Newark, NJ (PRWEB) March 27, 2008
New York Attorney Susan Chana Lask announced today a major victory for civil rights and prison policy changes in the State of New Jersey. There are 13 Federal Districts in the United States and all but the District of New Jersey have certified prison strip search class actions. Now, New Jersey District Judge Joseph H. Rodriguez in Case Number 05-3619 granted the first New Jersey class-action status to Ms. Lask's strip search lawsuit and granted her class action counsel. The lawsuit was filed on behalf of Albert Florence and tens of thousands of men and women charged with a minor offenses since 2005 who were and are being strip searched by Burlington County Jail and Essex County Correctional Facility. See the decision and Ms. Lask's Brief at http://www.appellate-brief.com/media/Florence-CvRts.html
The Complaint alleges the following:
Albert Florence was driving through Burlington County in 2005 when during a routine traffic stop the officer found a warrant against him for failure to pay an Essex County court fine. Despite his providing proof of a court document that he satisfied the fine, he was arrested and taken to Burlington County Jail to wait for Essex County officials to pick him up. Once in Burlington's facility, he was taken to a shower room and ordered to strip naked and turn around naked while the guard looked over his naked body with his arms outstretched. Then he was transported to Essex County's facility where he was again ordered to strip naked in a group of 3-5 men where many guards and other persons looked over their naked bodies, had them turn around and squat and cough as a group. "I was subject to two strip searches for no reason in front of many people for a charge that was found to be a mistake. I was never so humiliated and never want anyone to go through what I experienced," said Albert Florence.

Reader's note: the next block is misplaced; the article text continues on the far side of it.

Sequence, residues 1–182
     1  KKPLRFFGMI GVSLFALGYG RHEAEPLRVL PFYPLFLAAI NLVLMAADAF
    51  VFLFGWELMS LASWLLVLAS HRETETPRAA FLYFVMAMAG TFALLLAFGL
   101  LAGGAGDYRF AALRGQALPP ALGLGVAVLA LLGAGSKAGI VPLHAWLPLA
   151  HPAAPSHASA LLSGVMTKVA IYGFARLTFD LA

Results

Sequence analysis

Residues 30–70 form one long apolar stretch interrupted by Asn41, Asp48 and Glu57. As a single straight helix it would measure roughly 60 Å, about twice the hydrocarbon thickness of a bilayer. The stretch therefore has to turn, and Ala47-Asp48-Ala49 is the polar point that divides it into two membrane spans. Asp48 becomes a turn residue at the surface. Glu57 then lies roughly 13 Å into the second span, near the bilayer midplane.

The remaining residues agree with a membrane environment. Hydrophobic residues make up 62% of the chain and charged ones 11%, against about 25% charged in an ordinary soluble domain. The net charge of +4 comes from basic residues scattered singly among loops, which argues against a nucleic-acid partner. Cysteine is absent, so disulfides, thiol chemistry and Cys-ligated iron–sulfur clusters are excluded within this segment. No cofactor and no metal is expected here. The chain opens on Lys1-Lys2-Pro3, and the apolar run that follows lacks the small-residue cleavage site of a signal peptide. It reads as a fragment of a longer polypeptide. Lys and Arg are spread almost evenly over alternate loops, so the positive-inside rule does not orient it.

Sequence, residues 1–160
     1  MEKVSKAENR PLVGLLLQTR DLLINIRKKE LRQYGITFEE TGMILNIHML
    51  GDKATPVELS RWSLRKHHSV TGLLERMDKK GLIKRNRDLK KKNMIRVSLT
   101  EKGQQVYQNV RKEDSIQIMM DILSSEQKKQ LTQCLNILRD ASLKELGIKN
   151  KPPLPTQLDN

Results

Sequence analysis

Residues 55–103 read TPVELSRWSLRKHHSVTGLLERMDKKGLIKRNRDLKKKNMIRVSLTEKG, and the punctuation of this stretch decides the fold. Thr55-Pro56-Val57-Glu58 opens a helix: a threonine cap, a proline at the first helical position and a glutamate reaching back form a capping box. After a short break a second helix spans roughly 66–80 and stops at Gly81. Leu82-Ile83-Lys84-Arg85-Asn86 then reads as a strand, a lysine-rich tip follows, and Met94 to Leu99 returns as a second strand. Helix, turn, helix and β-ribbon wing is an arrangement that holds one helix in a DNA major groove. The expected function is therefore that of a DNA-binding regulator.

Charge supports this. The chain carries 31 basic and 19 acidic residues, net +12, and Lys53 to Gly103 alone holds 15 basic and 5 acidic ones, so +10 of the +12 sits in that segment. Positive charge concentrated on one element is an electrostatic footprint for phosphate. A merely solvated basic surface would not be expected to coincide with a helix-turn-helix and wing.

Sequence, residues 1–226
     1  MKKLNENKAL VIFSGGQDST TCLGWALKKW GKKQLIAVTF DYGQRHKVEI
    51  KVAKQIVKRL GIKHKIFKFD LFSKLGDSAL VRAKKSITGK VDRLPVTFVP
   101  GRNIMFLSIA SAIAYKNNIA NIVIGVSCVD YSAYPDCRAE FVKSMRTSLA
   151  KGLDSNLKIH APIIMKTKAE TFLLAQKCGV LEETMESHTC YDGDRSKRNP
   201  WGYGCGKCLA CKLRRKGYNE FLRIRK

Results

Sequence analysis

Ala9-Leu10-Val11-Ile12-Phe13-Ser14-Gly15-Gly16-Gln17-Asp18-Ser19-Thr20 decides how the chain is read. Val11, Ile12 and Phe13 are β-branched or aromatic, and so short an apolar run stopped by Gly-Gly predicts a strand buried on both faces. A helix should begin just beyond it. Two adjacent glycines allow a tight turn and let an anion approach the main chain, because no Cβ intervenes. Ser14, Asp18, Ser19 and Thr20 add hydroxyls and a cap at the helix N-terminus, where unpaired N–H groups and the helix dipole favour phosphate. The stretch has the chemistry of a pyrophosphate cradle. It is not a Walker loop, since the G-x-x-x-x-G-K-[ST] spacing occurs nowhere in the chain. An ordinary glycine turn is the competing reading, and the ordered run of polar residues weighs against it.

There are two types of charges in New Jersey, "non-indictable" arrests such as minor offenses of failure to pay child support, traffic offenses such as driving while suspended or shoplifting, and "indictable" arrests such as more serious crimes of drug offenses and murder. The Supreme Court of the United States and New Jersey Courts hold that strip searching persons arrested for minor non-indictable charges is unconstitutional unless the prison facility can give a reasonable basis why it is strip searching that person. The reasonable basis requires a written statement that the prison facility suspected the person arrested was concealing drugs, contraband or a weapon. During discovery in this case, Class Counsel Susan Chana Lask found that Burlington and Essex County facilities strip search everyone, no matter what their charge is and they do not list any reason why they do it. "That means you can be arrested for failing to pay a traffic ticket and the next thing you know you're standing stripped naked next to a felony drug dealer to your right and a murderer to your left, while guards look you up and down naked and make you squat and cough. It's degrading and its unconstitutional," said class counsel Susan Chana Lask.
The class action demands an injunction against the Counties' blanket policies of strip searching, revising the prison policies of blanket strip searches and seeks damages for every man and woman charged with a minor offense who was strip searched since 2005.
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